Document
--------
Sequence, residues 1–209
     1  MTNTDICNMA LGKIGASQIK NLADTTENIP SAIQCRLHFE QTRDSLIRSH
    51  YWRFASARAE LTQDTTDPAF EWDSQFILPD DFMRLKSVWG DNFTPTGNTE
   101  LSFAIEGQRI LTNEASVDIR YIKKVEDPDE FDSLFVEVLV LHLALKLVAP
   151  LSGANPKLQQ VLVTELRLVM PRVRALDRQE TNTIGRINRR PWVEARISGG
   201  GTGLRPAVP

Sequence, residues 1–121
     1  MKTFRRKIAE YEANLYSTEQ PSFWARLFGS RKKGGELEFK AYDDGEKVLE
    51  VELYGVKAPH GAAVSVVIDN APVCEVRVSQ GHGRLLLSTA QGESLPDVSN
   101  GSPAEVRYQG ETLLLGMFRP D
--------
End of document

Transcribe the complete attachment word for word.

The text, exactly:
Sequence, residues 1–209
     1  MTNTDICNMA LGKIGASQIK NLADTTENIP SAIQCRLHFE QTRDSLIRSH
    51  YWRFASARAE LTQDTTDPAF EWDSQFILPD DFMRLKSVWG DNFTPTGNTE
   101  LSFAIEGQRI LTNEASVDIR YIKKVEDPDE FDSLFVEVLV LHLALKLVAP
   151  LSGANPKLQQ VLVTELRLVM PRVRALDRQE TNTIGRINRR PWVEARISGG
   201  GTGLRPAVP

Sequence, residues 1–121
     1  MKTFRRKIAE YEANLYSTEQ PSFWARLFGS RKKGGELEFK AYDDGEKVLE
    51  VELYGVKAPH GAAVSVVIDN APVCEVRVSQ GHGRLLLSTA QGESLPDVSN
   101  GSPAEVRYQG ETLLLGMFRP D